The deadline was in four days and I had never been so excited about anything I’d made before. The process had been painless. The animations were gorgeous, the attention to detail unmatched, the story entertaining. Everything was coherent and matched the soundtrack down to every little detail. Even the project handoff went great. In short, a great product that matched spec perfectly, something I was proud of. Can you imagine why I had to do it over again?

The shocking message came after they had shown our product to their boss for the first time. Turns out she hated it.

She hadn’t been part of the process. No one had thought about that part somehow. The person sitting on the bag of money wasn’t informed while the project progressed. Sure, the boss had given the project managers full authority to manage the project after we had agreed on the budget. But when she saw the result, it wasn’t what she had imagined. It’s not that she thought it was bad – it just didn’t match her own image of what she was buying. Who can blame her, really?

A Great Process With One Cardinal Sin

We had all done our part, everything in writing, every step of the process. But we still had one unhappy paying client. What could we do? We delivered everything we had agreed upon and had successful sign-offs. Enthusiastic sign-offs even. But the project managers didn’t have the authority they thought they had, so it didn’t matter.

How could we please the boss? We had to make some changes and the client was willing to compensate us (a little) for the extra work. They understood after all that it was a mistake on their part not having gone through the proper channels.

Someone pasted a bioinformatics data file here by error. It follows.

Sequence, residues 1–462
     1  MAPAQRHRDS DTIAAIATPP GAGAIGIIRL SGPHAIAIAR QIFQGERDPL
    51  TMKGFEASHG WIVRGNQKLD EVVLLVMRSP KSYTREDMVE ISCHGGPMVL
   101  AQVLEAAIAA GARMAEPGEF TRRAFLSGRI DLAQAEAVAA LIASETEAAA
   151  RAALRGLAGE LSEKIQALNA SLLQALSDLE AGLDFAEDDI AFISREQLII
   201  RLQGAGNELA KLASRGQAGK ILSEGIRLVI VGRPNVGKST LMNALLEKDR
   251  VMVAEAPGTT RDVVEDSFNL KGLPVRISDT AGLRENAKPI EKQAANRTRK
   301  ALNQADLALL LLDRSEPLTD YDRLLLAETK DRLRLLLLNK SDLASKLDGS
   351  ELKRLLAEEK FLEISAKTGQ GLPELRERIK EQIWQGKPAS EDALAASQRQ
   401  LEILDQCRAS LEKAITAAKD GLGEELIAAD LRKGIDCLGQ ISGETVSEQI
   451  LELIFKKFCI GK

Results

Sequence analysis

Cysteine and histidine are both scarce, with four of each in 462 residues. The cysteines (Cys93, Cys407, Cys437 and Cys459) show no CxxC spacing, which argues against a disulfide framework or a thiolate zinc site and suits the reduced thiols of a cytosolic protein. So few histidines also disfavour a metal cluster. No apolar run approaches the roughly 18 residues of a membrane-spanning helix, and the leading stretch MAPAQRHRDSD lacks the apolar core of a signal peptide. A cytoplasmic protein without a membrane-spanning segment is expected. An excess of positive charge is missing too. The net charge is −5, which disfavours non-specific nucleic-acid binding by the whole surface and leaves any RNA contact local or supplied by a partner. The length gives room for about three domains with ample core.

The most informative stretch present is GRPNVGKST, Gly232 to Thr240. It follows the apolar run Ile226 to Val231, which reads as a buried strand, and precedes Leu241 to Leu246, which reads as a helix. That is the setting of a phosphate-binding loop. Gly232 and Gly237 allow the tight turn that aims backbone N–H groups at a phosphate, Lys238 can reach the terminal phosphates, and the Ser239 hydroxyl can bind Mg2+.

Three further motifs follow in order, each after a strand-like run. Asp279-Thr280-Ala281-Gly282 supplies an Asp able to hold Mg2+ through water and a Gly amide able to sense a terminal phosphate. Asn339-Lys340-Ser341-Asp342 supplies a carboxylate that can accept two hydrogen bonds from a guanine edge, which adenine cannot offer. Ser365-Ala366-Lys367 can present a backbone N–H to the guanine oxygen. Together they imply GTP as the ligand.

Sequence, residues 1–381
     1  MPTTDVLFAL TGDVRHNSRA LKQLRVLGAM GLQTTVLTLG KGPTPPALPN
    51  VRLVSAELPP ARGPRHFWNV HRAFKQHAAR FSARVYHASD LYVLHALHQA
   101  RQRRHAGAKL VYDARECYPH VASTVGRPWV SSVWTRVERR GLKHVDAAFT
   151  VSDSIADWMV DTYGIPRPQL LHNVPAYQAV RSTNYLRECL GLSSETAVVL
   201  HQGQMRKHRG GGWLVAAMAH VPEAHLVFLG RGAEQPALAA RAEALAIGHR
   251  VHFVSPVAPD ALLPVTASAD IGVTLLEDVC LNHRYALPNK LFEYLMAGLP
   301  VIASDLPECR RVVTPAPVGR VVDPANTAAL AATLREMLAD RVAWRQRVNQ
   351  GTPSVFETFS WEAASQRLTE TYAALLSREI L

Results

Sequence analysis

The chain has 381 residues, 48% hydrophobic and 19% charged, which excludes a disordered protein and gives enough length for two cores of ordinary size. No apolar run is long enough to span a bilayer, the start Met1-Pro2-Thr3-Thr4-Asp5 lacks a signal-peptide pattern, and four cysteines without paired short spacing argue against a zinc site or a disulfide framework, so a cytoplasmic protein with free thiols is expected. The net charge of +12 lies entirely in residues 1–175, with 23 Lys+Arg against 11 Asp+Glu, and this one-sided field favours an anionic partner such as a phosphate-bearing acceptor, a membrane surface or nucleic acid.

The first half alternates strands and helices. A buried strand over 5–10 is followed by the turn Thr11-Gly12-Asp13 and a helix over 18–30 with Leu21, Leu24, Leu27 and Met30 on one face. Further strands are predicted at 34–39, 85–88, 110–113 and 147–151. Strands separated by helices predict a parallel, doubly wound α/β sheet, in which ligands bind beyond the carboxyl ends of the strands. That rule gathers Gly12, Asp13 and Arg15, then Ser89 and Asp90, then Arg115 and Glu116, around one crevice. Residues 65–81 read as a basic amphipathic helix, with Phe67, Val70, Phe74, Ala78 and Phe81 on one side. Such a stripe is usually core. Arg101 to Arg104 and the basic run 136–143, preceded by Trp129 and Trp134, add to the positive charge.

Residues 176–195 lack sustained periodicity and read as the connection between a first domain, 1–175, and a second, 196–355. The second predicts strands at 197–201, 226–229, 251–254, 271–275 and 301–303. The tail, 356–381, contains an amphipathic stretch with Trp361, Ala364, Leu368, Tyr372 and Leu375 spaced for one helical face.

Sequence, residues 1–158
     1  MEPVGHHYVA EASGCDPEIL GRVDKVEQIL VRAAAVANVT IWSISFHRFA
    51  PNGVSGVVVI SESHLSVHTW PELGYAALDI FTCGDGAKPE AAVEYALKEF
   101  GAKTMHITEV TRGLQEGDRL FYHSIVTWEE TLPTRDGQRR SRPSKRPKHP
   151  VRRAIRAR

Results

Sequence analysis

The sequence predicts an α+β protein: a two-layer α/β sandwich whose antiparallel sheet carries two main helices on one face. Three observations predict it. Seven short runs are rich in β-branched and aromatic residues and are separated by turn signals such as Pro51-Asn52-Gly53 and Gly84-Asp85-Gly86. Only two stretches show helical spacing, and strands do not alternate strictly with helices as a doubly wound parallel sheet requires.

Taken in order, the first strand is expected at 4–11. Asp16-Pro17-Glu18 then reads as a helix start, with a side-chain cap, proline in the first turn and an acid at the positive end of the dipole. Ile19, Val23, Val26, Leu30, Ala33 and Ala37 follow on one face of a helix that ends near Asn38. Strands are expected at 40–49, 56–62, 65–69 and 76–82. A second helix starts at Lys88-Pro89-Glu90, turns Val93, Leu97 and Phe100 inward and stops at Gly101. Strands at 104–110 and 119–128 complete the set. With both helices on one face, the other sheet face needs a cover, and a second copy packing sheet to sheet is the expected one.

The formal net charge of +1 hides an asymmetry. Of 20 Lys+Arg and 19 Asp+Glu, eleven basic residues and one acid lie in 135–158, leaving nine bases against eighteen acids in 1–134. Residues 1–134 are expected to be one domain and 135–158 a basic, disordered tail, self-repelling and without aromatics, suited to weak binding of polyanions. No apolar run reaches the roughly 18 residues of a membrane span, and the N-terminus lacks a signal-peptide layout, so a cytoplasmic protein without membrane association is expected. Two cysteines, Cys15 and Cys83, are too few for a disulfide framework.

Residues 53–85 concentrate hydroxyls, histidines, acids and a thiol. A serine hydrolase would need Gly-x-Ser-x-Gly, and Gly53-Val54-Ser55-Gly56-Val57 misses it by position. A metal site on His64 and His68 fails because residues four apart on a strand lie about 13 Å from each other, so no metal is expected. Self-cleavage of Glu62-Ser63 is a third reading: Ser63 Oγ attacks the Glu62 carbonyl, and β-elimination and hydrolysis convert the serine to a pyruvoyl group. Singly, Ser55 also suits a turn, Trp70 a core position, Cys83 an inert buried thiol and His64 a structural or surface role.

But the changes didn’t improve the end result. They made it different, something other than it was. But they made the CEO feel as if she had played an instrumental part in making it. She mattered. Her opinions changed the outcome. And so when she got the new hybrid, lifeless and anemic product, a shadow of its former self, with more corporate music, more generic titles and less edge, she was happy.

“Do you want a new logo? How many people has to say “yes” to the new logo? If it’s “I don’t know” then don’t even start.”
Seth Godin

Define the Real Authority, Early

What did we set out to do? Make something magical for our portfolio and make our client happy. We failed at both. Not because we didn’t communicate clearly enough, nor because we didn’t get everything in writing. Not because we didn’t deliver something outstanding. We failed because we didn’t talk with the real decision-maker, and decision-makers want to make decisions. Many believe they can delegate tasks, but only to a certain point. When they see something that’s supposed to represent their company, something the public will witness and respond to — they won’t let it go without having had their say.

I had some of my greatest work turn into something less than mediocre as a result. A great portfolio piece that I’ll hide away instead. Next time, I’ll make sure I’m dealing with the real authority and not her minions.

Have you ever lived the same story? Do you have the antidote for these situations? Please leave a comment below or read about why stupid people are smarter than you.

I write about personal growth, psychology, leadership, relationships and soft skills at The Neural Grind.

Escalators Reveal Two Kinds of People

Escalators Reveal Two Kinds of PeopleEscalators reveal two kinds of people: those who walk and those who stand. Those who see it as a chance to do nothing, and those who see it as a means to reach their goal faster. Which one are you?

I never understood those who stand still. If you’re old, pregnant or otherwise disabled, you rest and relax. If you’re healthy and able, why do you just stand there, staring into nothingness letting time pass?

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I write about personal growth, psychology, leadership, relationships and soft skills at The Neural Grind.